I’ve blogged before about reducing your child’s toxic load to help alleviate symptoms of autism, to cut the risk of autism in subsequent children and to have a healthier home, and today I’m going to talk about one particular chemical and toxin, phenol.
What is phenol?
Phenol, or carbolic acid, is a chemical that both occurs naturally and that can be manufactured. It ranges from being a colorless liquid to being a white crystalline solid and has a distinct sickly sweet or “tarry” smell which is often associated with the smell of hospitals.
Phenol is used in many different products. It is used to make phenolic resins which are used in industries like the automotive, plywood, appliance, nylon and construction industries, and it is also an ingredient in disinfectants like Lysol, antiseptics, cleaning products, medicines, mouthwashes, lozenges and ear and nose drops.
Phenol can also be found in food, as gallic acid and malvin.
Dangers associated with Phenol exposure
There are many dangers associated with dermal (skin) or oral (ingesting it) exposure to phenol, and also breathing it in. These dangers and health risks include skin irritation, poisoning resulting in muscle weakness, tremors, paralysis and even respiratory arrest, liver and kidney damage, cardiac toxicity (damage to the heart) and lung damage.
But what has all this got to do with autism?
Autism and Phenol
An intolerance to phenol in food, as gallic acid, has been linked to attention problems and hyperactivity and a malvin intolerance has been linked to autism, MS and epilepsy. High levels of phenol in the diet (and in the environment) are thought to really affect children with autism and problems tolerating foods containing phenol and salicylates are thought to cause the following symptoms:-
- Difficulty sleeping
- Red face and ears
- Inappropriate laughter
- Impulsive or aggressive behavior
- Self-injurious behavior
- Speech problems
- Stomach ache
- Dark circles under the eyes
High phenol foods include bananas, apples and grapes, and it may be that just avoiding these foods will help autism symptoms. However, some children may need to follow a low phenol diet and also cut environmental exposure to phenol.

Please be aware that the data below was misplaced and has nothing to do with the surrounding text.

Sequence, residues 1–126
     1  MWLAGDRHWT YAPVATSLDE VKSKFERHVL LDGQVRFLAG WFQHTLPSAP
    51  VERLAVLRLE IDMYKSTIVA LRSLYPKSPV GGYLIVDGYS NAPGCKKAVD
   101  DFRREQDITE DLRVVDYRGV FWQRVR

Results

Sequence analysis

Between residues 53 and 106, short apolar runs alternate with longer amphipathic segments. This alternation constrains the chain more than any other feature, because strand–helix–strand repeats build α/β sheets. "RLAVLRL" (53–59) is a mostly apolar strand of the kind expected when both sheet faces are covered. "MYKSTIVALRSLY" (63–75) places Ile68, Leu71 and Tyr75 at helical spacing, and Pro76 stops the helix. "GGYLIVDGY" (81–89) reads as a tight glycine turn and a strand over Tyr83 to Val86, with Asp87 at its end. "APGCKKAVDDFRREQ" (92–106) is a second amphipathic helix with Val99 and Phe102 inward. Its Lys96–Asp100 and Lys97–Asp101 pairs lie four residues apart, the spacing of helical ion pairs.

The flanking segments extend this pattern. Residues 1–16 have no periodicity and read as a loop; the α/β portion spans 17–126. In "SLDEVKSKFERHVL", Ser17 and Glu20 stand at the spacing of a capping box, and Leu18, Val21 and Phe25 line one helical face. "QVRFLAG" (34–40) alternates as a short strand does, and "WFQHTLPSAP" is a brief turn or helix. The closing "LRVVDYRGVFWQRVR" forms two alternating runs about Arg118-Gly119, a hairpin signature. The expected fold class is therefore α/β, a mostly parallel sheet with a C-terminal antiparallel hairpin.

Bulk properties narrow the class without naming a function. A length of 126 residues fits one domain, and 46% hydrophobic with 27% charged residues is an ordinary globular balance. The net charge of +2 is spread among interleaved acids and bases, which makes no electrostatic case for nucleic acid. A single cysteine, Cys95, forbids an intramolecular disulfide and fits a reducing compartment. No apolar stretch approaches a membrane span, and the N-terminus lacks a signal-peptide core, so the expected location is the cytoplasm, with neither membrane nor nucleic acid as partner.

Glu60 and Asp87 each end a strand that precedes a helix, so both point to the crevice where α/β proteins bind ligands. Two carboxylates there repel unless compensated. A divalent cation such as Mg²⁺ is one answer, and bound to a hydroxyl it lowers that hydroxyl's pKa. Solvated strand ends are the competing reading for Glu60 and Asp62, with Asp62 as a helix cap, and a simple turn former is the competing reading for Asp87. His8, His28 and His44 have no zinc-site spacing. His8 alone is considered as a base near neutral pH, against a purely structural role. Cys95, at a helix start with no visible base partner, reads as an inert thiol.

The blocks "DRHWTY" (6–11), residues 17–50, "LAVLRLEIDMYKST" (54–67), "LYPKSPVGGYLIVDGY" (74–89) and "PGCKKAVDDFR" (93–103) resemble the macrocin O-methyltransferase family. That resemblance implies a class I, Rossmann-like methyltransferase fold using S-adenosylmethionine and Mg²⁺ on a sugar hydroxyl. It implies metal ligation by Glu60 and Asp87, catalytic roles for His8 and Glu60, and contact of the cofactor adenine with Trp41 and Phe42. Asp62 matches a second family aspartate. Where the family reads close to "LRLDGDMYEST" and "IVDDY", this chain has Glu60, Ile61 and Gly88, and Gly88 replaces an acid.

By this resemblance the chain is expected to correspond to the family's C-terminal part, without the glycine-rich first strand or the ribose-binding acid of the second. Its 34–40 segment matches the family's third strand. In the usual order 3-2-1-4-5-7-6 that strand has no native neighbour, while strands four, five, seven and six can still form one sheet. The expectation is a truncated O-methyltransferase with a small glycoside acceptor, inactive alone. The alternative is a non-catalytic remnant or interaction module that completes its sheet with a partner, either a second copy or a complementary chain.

Reducing Phenol Exposure
Phenols from food and from the environment can build up in the body causing many symptoms and health problems so it may be wise to follow a low phenol diet and to avoid salicylates, artificial colors, preservatives and flavorings. The Feingold Diet is naturally low in phenol and salicylates, and you can find out more about it at www.feingold.org.
A child’s exposure to phenols can be reduced also by reducing the toxic load of their environment. Here are some tips to help you do this:-
- Don’t use Lysol in the home – It contains phenol.
- Avoid tobacco smoke – Don’t smoke in the home and reduce exposure to tobacco smoke in the environment.
- Avoid cleaning products and medicines that contain phenol- Start looking at labels.
- Look for natural alternatives – There are many companies that make “green” or “natural” products that are free from harsh chemicals and toxins, or you could go back to basics and clean with things like lemon juice, vinegar and baking soda! There are some great tips and recipes for natural cleaners at www.bae.ncsu.edu
- Use HEPA filters on vacuum cleaners
- Air your home regularly by opening the windows
Whether or not your child’s autism symptoms are eased by reducing the toxic load at home, you will definitely be making your home a safer and healthier environment for the whole family.
The Feingold Diet is a healthy diet with a focus on healthy, natural foods and has been found to alleviate symptoms of autism in many children so it is definitely worth a try. A healthy diet and a healthy home is a great start to helping your child’s autism.